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Bay Nature magazineJanuary-March 2018

California’s Massive Fires Reveal Our Illusion of Control Over Disasters

by Faith Kearns on December 06, 2017

The aftermath of the fire in Glen Ellen. (Photo by Faith Kearns)

I drove away from the Pepperwood Preserve in the Sonoma County hills on a hot and windy Sunday evening in October feeling hopeful. I’d spent part of the day talking with members of the California Naturalist Program about wildfire-induced emotional trauma in the region. As I arrived home in Berkeley later that evening, however, that peculiar fire weather feeling Joan Didion described as when the “winds show us how close to the edge we are” kicked into overdrive. Several hours later, I awoke to the overwhelming smell of smoke and the news that people all over the Bay Area were hearing: a number of large fires were running wild through the beautiful place I’d left just the night before.

As the days went on, a horrifying picture emerged. Story after story of sudden and terrifying evacuations appeared. Whole neighborhoods had been awoken in the middle of the night by people—some police and firefighters, but many simply neighbors—banging on doors or honking horns as emergency alert systems lagged.

These reports from citizens are harrowing enough on their own but, as a scientist working on disasters like drought and wildfire in California for over a decade, I’m especially struck by the changing commentary from the emergency response community itself. As an example, Cal Fire Chief Ken Pimlott told the Sacramento Bee that “it’s becoming more the norm now to have multiple damaging fires” at the same time. In the Ventura County Star, Cal Fire Battalion Chief Jonathon Cox said the fire was “unstoppable.” Santa Rosa Fire Chief Tony Gossner noted the pace of alerts and evacuations simply couldn’t keep up with the pace of the fire. These are remarkable statements from top-down, command-and-control institutions.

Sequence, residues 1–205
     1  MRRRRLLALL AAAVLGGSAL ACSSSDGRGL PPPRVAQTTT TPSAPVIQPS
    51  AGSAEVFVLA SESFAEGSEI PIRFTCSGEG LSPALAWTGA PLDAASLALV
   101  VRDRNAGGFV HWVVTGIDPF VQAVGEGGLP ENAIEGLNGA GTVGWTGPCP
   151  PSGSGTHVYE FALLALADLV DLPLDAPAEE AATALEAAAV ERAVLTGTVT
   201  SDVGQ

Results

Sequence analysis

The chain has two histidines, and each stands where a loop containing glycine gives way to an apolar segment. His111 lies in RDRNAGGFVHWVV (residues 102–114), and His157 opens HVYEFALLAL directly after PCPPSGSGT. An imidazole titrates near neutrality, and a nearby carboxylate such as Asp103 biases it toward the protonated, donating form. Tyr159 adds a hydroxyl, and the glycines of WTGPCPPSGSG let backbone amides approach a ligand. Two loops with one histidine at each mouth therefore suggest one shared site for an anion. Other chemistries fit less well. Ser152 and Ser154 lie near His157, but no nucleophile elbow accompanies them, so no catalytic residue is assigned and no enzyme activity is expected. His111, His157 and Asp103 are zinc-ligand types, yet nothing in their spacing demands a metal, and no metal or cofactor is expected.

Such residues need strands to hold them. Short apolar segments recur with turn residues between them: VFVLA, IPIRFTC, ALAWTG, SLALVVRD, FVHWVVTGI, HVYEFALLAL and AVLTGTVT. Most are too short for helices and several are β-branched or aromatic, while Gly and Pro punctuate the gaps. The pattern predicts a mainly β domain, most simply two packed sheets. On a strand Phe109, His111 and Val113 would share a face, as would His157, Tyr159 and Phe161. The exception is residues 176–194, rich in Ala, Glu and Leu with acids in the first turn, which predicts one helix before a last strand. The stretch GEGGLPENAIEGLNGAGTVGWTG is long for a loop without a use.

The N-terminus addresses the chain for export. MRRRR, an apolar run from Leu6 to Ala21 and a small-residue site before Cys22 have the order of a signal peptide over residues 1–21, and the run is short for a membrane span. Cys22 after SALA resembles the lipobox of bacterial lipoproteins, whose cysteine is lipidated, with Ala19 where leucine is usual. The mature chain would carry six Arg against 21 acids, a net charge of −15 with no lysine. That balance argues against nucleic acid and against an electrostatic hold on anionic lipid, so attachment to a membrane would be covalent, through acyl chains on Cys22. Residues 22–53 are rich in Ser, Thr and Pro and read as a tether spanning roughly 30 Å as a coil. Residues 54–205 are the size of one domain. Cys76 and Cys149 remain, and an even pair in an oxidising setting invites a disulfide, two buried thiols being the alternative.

Even more telling are Gossner’s remarks about fire-safe landscaping, one of the long-standing hallmarks of fire prevention. He said, “We want the fire-wise communities, so if a fire starts, we can jump on it and put it out. That gives us a chance. It doesn’t mean it’s going to prevent it.”

There was a time not long ago when it would have been difficult to find fire officials, whose focus is most often on suppression, talking so publicly about how unmanageable some wildfires can become. It might be the threat of more fire in a changing climate, or just a long-overdue admission, but even first responders seem increasingly open to acknowledging the limits of human control in disaster situations, even in highly developed places.

The admission that our best efforts may not always be enough opens a small window to shift how we think about disasters. For the North Bay in particular, it provides an invitation to rebuild creatively, in ways that are consistent with what we know about the local environment. As I’ve spoken with Sonoma County residents, it has become clear that anguish and deep grief will persist. At the same time, there is also hope that the fires served to reveal existing inequalities, offering an invitation to heal and transform, to cultivate new alliances, and to re-envision everything from affordable housing availability to a more equitable local economy.

There are still incentives—particularly arcane insurance requirements and building codes—working to keep things largely as they were. But as people commit to regenerating lives and communities, they are also reimagining the world they inhabit. Time will tell if they are able to do the things that might signal real change, like limiting building in the most fire-prone areas, requiring fire-safe structures even in places that may appear impervious, and developing realistic evacuation procedures that take into account the most vulnerable citizens.

There is no doubt that this disaster has deeply tested our assumptions about how we live with wildfires, notably the idea that we can control them. From Houston to Puerto Rico to here at home in California, disasters are revealing new ground that is paradoxically both shakier and more solid than it once seemed. We may find our footing by finally embracing the fact that we can’t always be in charge.